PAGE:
NZ Fry Up: NZX puts its IT in order; Gartner forecasts growth in NZ IT spend; HR software in the spotlight

New Zealand IT, tech, and telco news and views from our editor in Auckland.

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NZX puts its IT in order

It’s been a horror year on the tech front for NZX—its IT capability was slammed in a report from the Financial Markets Authority in January 2021, following a sustained DDoS attack on the exchange that lasted several days in 2020.

NZX Chair James Miller told its annual shareholders meeting that the technology committee held 41 meetings between April 2020 and December 2020. He noted this workload just before pointing out that board directors haven’t had a pay rise for 10 years. But as we all know, it’s output that matters, not the number of meetings you have.

Anyway, Miller and CEO Mark Petersen says they are working through the authority’s recommendations and have established an industry-wide IT working group to “improve engagement and communication with the wider market ecosystem on technology matters and support the development of an industry-wide technology roadmap.”

Meanwhile, Peter Jessup, a global expert in stock exchange computer systems with 23 years in senior roles at Nasdaq, has joined the board’s technology committee to “bring independent thinking and a global perspective”.

Petersen also introduced new CIO Robert Douglas to the shareholders meeting. He is almost three months into the role, having begun on 1 February 2021. Douglas’ most recent role was at Verifone, and before that he worked at ANZ Bank and First NZ Capital. The new CIO is a member of the senior leadership team, which shows that NZX may now view IT as a strategic investment, critical to business success, rather than as a tactical operation.

Gartner forecasts growth in NZ IT spend

Organisations are set to increase their IT spend this year, according to Gartner, which is predicting it will increase in New Zealand by 2.7% to $12.8 billion. This is after a 1.6% decline in IT spend last year, signalling a return to growth and representing an increase over prepandemic levels of $12.7 million in 2019.

The estimate is part of Gartner’s quarterly global tech spending forecast update, issued this week, where it predicts that global spending on IT will exceed US$4.1 trillion this year, an increase of 8.4% from 2020.

Apparently, 2020 was about ensuring IT kept the organisation working in the pandemic. This year, CIOs get to do more of the fun stuff. “Last year, IT spending took the form of a ‘knee jerk’ reaction to enable a remote workforce in a matter of weeks. As hybrid work takes hold, CIOs will focus on spending that enables innovation, not just task completion,” said John-Dave Lovelock, a distinguished research vice president at Gartner.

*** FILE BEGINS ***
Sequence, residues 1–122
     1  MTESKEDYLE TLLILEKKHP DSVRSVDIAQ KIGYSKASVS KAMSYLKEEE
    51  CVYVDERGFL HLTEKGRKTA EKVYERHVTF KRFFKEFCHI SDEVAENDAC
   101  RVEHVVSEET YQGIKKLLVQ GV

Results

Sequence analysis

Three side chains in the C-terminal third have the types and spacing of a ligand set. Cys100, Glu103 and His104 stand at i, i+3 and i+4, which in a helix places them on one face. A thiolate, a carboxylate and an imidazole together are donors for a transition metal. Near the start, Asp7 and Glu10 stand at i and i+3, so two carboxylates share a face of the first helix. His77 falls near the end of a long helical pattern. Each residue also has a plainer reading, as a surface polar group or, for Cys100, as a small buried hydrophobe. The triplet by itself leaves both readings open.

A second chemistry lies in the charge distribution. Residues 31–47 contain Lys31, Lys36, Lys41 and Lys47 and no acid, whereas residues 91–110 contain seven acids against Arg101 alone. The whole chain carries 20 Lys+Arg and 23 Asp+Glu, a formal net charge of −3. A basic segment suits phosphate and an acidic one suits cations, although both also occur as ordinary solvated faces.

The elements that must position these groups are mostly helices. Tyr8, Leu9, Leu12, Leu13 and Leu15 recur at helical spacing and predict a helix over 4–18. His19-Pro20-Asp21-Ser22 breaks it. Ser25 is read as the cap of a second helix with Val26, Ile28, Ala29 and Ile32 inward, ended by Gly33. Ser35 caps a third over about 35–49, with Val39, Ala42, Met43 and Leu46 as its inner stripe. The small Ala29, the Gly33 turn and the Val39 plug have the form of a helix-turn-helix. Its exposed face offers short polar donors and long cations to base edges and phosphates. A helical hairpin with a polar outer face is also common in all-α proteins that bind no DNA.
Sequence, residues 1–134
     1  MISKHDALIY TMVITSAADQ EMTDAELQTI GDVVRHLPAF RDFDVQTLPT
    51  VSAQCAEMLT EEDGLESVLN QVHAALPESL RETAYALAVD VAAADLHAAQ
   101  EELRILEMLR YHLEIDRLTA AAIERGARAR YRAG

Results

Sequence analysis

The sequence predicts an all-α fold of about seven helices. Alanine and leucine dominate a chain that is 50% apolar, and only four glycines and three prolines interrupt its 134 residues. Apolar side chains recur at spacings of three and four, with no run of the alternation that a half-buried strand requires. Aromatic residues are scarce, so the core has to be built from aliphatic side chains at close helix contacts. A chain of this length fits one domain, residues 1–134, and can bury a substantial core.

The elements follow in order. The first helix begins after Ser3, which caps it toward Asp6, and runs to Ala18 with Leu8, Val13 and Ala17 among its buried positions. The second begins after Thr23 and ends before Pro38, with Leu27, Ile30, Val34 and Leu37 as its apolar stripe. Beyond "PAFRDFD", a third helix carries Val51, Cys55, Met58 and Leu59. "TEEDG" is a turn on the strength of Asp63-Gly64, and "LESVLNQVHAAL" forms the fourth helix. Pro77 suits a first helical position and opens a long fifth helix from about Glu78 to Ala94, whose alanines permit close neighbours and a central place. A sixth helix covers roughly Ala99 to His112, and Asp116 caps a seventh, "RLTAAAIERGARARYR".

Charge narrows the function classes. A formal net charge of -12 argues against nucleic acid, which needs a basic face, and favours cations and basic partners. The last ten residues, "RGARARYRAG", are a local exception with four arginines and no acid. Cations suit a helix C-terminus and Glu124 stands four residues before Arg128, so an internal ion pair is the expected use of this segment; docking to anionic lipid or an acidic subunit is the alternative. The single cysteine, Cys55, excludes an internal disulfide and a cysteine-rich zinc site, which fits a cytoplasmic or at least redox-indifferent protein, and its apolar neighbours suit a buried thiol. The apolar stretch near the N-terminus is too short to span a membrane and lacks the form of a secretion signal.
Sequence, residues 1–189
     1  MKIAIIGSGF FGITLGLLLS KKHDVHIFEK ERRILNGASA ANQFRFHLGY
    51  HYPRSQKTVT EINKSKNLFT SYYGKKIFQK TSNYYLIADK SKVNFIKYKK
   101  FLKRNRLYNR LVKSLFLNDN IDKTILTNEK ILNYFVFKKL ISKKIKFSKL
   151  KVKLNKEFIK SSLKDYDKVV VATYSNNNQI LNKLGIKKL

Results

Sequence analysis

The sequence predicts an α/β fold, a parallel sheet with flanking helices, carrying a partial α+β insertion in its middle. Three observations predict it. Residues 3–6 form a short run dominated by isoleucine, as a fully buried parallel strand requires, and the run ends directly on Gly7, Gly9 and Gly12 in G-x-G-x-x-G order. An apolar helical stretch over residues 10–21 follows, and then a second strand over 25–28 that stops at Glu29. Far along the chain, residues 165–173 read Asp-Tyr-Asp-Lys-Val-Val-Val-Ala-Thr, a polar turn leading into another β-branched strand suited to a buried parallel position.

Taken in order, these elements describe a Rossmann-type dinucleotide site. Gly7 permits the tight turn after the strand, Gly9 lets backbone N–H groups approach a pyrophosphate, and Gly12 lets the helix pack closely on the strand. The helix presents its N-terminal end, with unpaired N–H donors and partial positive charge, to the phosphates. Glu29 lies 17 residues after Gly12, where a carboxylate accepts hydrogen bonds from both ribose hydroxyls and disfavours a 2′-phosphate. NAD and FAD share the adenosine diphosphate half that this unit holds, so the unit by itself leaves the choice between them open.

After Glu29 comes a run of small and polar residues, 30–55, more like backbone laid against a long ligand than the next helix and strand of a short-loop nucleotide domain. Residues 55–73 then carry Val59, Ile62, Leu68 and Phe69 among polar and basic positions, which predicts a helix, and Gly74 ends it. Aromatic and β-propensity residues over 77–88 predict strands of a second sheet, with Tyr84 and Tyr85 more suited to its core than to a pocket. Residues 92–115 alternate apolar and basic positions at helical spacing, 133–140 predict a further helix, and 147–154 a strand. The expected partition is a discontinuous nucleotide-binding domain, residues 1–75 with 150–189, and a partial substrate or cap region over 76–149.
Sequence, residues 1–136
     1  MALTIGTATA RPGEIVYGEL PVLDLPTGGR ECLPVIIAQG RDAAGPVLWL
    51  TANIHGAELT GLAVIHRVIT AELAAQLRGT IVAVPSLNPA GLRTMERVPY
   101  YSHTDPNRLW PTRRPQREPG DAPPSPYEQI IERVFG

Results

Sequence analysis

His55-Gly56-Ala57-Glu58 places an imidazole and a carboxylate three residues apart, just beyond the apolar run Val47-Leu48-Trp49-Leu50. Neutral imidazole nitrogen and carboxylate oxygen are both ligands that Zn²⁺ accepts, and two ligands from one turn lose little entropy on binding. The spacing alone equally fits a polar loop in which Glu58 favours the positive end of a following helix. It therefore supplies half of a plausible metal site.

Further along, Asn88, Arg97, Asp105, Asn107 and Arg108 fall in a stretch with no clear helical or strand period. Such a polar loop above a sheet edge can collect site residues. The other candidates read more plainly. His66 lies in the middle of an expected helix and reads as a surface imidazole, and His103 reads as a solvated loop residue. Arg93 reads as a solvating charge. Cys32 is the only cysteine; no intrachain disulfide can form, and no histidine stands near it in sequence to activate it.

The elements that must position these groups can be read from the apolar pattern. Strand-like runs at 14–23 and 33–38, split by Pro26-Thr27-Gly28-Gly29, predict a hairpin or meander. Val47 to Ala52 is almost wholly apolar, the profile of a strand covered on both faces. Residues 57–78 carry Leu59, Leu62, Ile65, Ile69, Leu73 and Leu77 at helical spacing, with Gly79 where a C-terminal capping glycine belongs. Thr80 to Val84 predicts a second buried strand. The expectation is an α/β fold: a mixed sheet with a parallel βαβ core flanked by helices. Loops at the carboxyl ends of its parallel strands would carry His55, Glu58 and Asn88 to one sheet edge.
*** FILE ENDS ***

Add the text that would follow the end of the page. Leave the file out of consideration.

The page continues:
The highest growth in spend in New Zealand will come from enterprise software (up 7.4%) and devices (up 4.9%), as organisations shift their focus to providing a more “comfortable, innovative, and productive environment for their workforce”, Lovelock said.

Gartner breaks IT spend into five categories and provides the following estimates for 2021:

  • Data centre systems: $417 million, down 2.0% compared to 2020
  • Enterprise software: $2.6 billion (up 7.4%)
  • Devices: $1.9 billion (up 4.9%)
  • IT services: $3.9 billion (up 2.5%)
  • Communications services: $4 billion (down 0.3%)

Looking further out to 2022, all categories are expected to experience growth, with the most bullish prediction for enterprise software at 11.5%, and a return to growth for data centre systems of 4.8%.

HR software in the spotlight

Globally, Gartner is observing that the “increased focus on the employee experience and well-being are propelling technology investments forward in areas such as social software, collaboration platforms, and human capital management software.”

Investment in modern HR systems with data and analytics capability can also benefit the bottom line, as Southern Cross Health Insurance is discovering. While the deployment of a new end-to-end HR solution was well underway when the pandemic struck, it has been extremely helpful in understanding annual leave take up, as chief people and strategy officer Vicki Caisley told CIO New Zealand this week.

As a result of the COVID-19 pandemic, annual leave at Southern Cross was starting to accrue to the point where it could have a noticeable impact at the end of the financial year. Caisley said they discovered this situation early, via the new HR system, and decided to close the office down for three weeks over the Christmas break, rather than the usual two weeks, “to force some annual leave, because we could see at the end of the year we were going to be way above what our budget for accrual needed to be. … I could never have told the business previously what the end-of-year forecast was going to be before, but I can do it on a minute-by-minute basis now.”

Copyright © 2021 IDG Communications, Inc.

  
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